Celeste Parrish and Educational Reform in the Progressive-Era South follows a Civil War orphan's transformation from a Southside Virginia public school teacher to a nationally known progressive educator and feminist. In this vital intellectual biography, Rebecca S. Montgomery places feminism and gender at the center of her analysis and offers a new look at the postbellum movement for southern educational reform through the life of Celeste Parrish.
Because Parrish's life coincided with critical years in the destruction and reconstruction of the southern social order, her biography provides unique opportunities to explore the rise of reactionary racism and sexism in the workplace and educational system. As with many women of the last Civil War generation, Parrish's drive to acquire a college education and professional career pitted her against male opponents of coeducation and female intellectual opportunities. When coupled with women's lack of formal political power, this resistance to gender equality discouraged progress and lowered the quality of public education throughout the South.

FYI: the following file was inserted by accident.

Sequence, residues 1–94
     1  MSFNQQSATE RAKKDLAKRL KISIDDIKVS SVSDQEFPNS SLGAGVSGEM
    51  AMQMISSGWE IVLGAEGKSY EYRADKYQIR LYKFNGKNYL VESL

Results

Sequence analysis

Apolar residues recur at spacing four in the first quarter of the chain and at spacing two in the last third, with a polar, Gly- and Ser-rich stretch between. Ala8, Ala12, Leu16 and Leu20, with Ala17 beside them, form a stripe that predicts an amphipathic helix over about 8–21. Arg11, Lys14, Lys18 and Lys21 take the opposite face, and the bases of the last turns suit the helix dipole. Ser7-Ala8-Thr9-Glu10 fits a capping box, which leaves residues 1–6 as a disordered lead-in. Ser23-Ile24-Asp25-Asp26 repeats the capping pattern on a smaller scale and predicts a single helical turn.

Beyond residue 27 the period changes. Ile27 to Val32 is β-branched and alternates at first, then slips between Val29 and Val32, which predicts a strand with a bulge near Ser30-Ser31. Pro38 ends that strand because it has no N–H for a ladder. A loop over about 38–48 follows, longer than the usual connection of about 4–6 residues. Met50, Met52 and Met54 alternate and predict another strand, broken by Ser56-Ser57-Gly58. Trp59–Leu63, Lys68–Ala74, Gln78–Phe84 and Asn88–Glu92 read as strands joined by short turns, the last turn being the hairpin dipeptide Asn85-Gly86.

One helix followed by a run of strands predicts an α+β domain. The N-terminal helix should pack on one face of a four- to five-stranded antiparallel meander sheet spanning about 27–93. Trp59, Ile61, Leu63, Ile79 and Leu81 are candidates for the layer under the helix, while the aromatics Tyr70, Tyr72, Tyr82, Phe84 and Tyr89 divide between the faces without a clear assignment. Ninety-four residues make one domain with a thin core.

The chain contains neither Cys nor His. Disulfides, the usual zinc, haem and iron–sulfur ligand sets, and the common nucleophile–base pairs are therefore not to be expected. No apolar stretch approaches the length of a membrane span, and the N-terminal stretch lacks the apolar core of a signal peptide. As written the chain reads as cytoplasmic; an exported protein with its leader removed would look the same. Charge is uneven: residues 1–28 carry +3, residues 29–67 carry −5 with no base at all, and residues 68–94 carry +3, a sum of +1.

The marginalization of women within the reform movement, headed by the Conference for Education in the South, further limited female contributions to regional change. Yet, because men allowed female participation in grassroots organization, the southern movement provided an alternate source of influence and power for women. It also restricted the impact of their social activism to mainly female networks, however, which received less public acknowledgement than the reform work conducted by men.
By exploring the consequences of gender discrimination for both educational reform and the influence of southern progressivism, Rebecca S. Montgomery contributes a nuanced understanding of how interlocking hierarchies of power structured opportunity and influenced the shape of reform in the U.S. South.
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